Now that we’re into February, the tax season will begin to constantly remind you that it’s here. Already, the commercials have begun, new tax centers are popping up, and soon the sign holders will be gyrating to catch your eye and pointing you to a “tax professional”. With so much competition and commercialization, who is the right person for the job?
Do it yourself software
It’s now rare to see tax returns that are prepared purely manually, on paper, on a version picked up at the post office. Computers, technology, and ingenuity have made this type of filing virtually extinct. This leads us to your first general option for tax preparation: the do it yourself software. The most popular is Turbo Tax, but there are other brands available.
As a tax attorney, I personally like these self-preparation software tools because they have led to business for me in what Internal Revenue Service (IRS) auditors refer to as a “Turbo Tax Audit”. The cliché you pay for what you get (or you don’t get what you didn’t pay for) is applicable for the self-preparation software. The key with the do-it-yourself software is whether you, the tax preparer, know what you’re doing.
The software is generally easy to use, uses question and answer formats, where you answer questions and plug in your data, and voila, your taxes are done. When there is trouble, it’s usually rooted in whether the preparer answered the questions correctly for the purposes of the tax return. Because the computer software doesn’t know you or your situation, this is where you need to have some knowledge of taxes in general to ensure that you’re not taken on a path that will lead you to an appointment with my office, and eventually the IRS.
The next general options are the pop-up-shops. These are your H&R Blocks, Liberty Tax, etc… store fronts that are virtually everywhere. Just because they are everywhere, does not make them better. The quality and expertise of these types of tax preparers rests entirely on who specifically within the pop-up shop prepares your tax return. Because these companies are often so big and/or individually owned and franchised, there really is a spectrum in the quality and experience you may encounter at one of these shops.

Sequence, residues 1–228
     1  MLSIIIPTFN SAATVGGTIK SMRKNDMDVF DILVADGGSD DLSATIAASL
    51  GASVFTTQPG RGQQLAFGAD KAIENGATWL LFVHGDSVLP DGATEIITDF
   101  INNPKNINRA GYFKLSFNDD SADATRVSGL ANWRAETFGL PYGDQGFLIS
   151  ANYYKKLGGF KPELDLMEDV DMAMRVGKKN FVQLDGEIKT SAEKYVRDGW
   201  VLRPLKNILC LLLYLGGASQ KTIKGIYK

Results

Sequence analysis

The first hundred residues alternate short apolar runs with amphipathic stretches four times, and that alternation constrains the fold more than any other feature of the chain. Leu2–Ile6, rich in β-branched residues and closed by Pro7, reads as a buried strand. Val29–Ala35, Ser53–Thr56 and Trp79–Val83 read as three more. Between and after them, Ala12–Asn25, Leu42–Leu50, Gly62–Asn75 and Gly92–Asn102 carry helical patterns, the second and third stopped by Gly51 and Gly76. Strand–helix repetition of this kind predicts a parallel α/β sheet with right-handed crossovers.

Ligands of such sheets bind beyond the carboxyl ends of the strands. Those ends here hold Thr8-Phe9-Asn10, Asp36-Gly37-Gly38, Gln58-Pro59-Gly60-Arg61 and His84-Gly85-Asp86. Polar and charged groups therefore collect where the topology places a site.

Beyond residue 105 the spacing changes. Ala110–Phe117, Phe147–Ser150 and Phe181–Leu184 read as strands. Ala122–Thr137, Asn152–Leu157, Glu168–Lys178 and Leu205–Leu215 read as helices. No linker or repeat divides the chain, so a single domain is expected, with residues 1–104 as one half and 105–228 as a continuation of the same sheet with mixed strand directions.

On the one hand, you may be trusting your taxes with a seasoned tax professional who’s a licensed accountant, really knows what they are doing, and will work closely with you to ensure your returns are accurate. On the other hand, you may be risking doom with someone using the franchise’s own do it yourself software, who’s answering the (Turbo Tax type) questions for you. So the key when trusting your returns with these types of shops is to ask about the experience and qualifications of the person who is actually going to prepare your tax return.
Trusting your tax preparation with a tax accountant is usually the best way to ensure errors and omissions are not made on your tax returns. The cliché that you pay for what you get is again applicable. However, here, in application, you’re likely paying a bit more because you are usually getting more for your tax preparation buck than you would with the do it yourself software or pop-up shop options.
There are different types of accountants that can label themselves as a tax accountant. The most common type of tax accountants will be either an Enrolled Agent (EA) or a Certified Public Accountant (CPA). An EA is an accountant who is licensed by the IRS while a CPA is licensed by a state’s board of accountancy. Depending on how complicated your taxes are will generally determine the fees. However, in the case of an EA or CPA, they’ll often perform bookkeeping and advisory services year-round which will often ensure no-tax headaches in the future.
Another option is having a tax attorney prepare your taxes. As a tax attorney myself, I think it is generally a bit overprotective to use a tax attorney for merely tax preparation. While there are tax attorneys who prepare tax returns, the tax preparation is often actually done by CPAs or EAs under the umbrella of the tax attorney’s representation, in furtherance of an underlying legal matter for which the tax attorney’s advocacy skills are needed. But, it’s an option nonetheless.
If none of these options fit your budget, the IRS does offer free tax preparation assistance subject to certain qualification guidelines. No matter the method you choose to prepare your tax return, be sure to file your tax return by the April 15, 2014 deadline; or at least file an extension to file by that day.
This article is not intended as legal advice, and cannot be relied upon for any purpose without the services of a qualified professional.